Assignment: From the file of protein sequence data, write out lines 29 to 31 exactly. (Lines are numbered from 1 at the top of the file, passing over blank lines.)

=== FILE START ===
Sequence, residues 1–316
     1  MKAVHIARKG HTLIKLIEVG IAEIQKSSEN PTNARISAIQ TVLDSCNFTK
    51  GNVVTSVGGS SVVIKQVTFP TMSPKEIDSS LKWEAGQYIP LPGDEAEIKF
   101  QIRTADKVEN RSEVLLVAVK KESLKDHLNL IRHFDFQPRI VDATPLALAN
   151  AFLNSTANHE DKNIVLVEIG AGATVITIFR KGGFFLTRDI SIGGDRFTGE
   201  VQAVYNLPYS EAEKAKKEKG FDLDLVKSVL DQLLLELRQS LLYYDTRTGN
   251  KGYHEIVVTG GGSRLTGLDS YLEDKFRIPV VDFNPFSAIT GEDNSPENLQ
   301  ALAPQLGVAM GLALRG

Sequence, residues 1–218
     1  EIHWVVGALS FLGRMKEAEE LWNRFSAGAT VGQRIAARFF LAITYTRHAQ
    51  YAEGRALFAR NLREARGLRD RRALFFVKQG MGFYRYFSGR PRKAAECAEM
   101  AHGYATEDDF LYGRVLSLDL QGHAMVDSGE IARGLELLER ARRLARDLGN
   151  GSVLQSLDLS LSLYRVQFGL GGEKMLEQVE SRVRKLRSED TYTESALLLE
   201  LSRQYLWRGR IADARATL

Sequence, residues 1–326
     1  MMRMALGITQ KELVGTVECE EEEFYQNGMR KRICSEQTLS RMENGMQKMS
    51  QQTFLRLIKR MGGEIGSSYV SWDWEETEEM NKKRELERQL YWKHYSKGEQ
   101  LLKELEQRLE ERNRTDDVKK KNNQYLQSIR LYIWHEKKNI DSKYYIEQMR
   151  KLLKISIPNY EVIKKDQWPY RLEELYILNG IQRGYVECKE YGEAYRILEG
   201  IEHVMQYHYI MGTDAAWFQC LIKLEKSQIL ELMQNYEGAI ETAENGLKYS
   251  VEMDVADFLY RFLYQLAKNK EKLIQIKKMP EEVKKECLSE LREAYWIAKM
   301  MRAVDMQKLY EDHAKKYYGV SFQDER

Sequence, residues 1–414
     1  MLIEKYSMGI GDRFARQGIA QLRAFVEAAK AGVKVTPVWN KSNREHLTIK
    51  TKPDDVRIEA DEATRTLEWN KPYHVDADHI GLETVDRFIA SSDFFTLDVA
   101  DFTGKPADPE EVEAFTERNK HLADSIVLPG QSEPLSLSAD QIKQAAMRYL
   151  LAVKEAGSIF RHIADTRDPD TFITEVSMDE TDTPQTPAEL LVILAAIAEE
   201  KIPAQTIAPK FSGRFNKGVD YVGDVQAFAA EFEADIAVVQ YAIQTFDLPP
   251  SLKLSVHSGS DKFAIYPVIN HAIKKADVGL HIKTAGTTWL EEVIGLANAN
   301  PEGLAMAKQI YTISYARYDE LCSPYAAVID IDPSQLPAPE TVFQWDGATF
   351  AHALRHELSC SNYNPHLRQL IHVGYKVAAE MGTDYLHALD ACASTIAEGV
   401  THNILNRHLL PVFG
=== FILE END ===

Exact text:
   251  SLKLSVHSGS DKFAIYPVIN HAIKKADVGL HIKTAGTTWL EEVIGLANAN
   301  PEGLAMAKQI YTISYARYDE LCSPYAAVID IDPSQLPAPE TVFQWDGATF
   351  AHALRHELSC SNYNPHLRQL IHVGYKVAAE MGTDYLHALD ACASTIAEGV